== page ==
Shelter From the Storms
As I write this entry, the north wind is huffing at the back door and the birds are doing their best to hang onto the feeders on the west side of the house. This past week has been full of unexpected debris to be navigated and swollen creeks to be crossed. I so yearn for normalcy, a quietness to my days, and in another couple of weeks I will have it. This uncertainty has gotten me to thinking about the past hurricane and nor'easter and how those of us on a barrier island survive the storms, those born of nature and the ones that erupt from within.
I've been preparing the yard for the animals that will have to seek shelter from the storms that are already making their presence known. All the feeders have been set out, filled to the brim with sunflower seeds, suets, peanut butter, etc. Water containers are freshly filled and of course Mother Nature provides her own shelters with fallen trees, knotholes and dense shrubbery. But in overdeveloped areas where every wild foot of space now sprouts manicured lawns and palm trees that should not be growing here, the wildlife has more difficulty in finding a hideaway when needed.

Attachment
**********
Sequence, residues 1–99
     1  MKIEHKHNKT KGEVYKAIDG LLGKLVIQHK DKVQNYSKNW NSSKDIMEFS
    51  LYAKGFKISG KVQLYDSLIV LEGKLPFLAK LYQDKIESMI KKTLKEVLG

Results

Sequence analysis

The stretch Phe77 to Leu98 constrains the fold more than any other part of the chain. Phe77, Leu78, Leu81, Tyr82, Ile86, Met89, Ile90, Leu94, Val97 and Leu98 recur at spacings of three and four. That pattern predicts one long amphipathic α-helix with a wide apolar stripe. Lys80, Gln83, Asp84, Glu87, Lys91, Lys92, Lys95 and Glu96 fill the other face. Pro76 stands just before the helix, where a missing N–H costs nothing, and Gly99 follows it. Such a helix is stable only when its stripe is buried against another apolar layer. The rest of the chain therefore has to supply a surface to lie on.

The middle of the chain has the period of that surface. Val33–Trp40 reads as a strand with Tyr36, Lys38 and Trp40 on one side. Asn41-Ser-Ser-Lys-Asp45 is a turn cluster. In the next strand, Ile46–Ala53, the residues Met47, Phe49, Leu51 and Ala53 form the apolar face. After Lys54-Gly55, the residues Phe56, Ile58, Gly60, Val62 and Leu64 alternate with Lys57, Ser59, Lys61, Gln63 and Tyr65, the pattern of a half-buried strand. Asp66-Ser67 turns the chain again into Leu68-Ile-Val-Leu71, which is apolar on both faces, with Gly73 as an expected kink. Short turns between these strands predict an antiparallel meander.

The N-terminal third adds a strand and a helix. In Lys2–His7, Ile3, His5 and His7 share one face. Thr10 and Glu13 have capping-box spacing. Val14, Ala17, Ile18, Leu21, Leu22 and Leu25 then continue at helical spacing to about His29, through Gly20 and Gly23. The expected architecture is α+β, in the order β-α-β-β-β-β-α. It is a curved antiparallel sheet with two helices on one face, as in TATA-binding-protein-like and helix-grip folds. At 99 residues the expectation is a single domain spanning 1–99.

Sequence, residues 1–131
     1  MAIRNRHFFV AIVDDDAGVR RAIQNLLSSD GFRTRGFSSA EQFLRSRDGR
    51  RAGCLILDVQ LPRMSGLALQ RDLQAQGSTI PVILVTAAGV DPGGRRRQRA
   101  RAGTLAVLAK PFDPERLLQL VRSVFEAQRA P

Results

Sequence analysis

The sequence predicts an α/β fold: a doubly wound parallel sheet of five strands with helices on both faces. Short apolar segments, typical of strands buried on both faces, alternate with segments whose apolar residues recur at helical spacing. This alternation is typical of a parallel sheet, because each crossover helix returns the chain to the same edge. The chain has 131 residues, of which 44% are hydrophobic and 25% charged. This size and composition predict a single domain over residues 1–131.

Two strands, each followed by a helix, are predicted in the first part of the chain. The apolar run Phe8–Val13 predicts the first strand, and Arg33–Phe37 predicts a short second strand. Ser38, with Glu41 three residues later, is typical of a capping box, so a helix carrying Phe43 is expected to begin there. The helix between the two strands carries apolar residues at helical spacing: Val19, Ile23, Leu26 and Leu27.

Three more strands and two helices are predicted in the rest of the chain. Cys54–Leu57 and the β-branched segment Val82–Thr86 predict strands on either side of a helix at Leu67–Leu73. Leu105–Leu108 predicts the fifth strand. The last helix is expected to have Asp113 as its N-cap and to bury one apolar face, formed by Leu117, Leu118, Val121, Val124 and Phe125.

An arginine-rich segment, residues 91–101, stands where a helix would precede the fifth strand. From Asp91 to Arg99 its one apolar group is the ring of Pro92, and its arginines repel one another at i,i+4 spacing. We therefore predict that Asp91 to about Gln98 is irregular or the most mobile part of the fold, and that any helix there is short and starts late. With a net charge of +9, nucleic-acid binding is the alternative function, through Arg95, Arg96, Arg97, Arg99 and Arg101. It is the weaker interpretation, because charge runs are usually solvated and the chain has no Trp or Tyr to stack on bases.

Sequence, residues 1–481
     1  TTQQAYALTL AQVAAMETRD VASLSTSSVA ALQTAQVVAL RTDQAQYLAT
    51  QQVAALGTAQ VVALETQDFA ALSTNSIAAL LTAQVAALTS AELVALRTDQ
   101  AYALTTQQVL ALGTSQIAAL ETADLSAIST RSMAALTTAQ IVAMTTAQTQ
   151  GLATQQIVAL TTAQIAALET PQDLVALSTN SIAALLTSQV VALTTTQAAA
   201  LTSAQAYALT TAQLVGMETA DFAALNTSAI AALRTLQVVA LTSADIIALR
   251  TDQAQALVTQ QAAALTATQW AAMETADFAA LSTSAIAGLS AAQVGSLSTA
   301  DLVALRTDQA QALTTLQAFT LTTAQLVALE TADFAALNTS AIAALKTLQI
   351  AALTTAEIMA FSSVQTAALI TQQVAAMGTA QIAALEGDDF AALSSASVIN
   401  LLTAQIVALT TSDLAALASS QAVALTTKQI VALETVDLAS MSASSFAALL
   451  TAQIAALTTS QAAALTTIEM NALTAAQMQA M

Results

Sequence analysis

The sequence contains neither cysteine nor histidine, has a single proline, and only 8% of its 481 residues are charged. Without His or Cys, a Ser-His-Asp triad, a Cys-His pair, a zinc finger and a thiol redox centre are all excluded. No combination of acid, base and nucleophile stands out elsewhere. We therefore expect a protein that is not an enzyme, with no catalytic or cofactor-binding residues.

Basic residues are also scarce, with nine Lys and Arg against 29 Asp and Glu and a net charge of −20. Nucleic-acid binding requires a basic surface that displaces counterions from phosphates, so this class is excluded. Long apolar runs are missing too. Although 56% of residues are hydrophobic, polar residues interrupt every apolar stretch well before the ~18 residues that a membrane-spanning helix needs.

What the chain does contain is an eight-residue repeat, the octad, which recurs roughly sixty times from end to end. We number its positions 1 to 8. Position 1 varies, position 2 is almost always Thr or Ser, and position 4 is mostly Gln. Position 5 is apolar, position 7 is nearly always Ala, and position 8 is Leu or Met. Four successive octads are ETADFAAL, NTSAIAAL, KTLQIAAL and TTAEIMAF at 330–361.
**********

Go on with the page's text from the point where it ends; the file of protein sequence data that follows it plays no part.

At the Crooked Little House, I have left the back of the property in a semi-wild state where I have a large woodpile for shelter. I have also taken logs and made stacks, crisscrossing them so there is space for someone to crawl in between when the north winds howls and slashes rain across the land. I like to reserve some of the trimmed branches from the trees to form a teepee of sorts for the rodents and birds to take shelter.
Leaving the birdhouses out throughout the winter after giving them a thorough cleaning offers up additional shelter as does the chickadee roosting box I put up in the cherry tree. Roosting boxes look like giant birdhouses but provide numerous perches inside for a lot of birds to share. The opening is cut to a specific diameter for a certain bird, just like a birdhouse. Mine is for chickadees since I have so many of them nearby.
Another thing I do is cut openings in the ligustrum bushes, giving easy access to the birds caught in a bad patch of weather. I have seen as many as a dozen assorted birds tucked away inside the big ligustrum by my front door. And hopefully some of these shelters will keep birds safe when my red tailed hawk comes to visit each morning. I struggle with this issue because he too needs nourishment to survive the winter.
And when I've done all I can outside, I remind Buddha and Erb to be grateful they are warm and dry, safe and well fed.
"Inside my empty bottle I was constructing a lighthouse while all the others were making ships."
- Charles Simic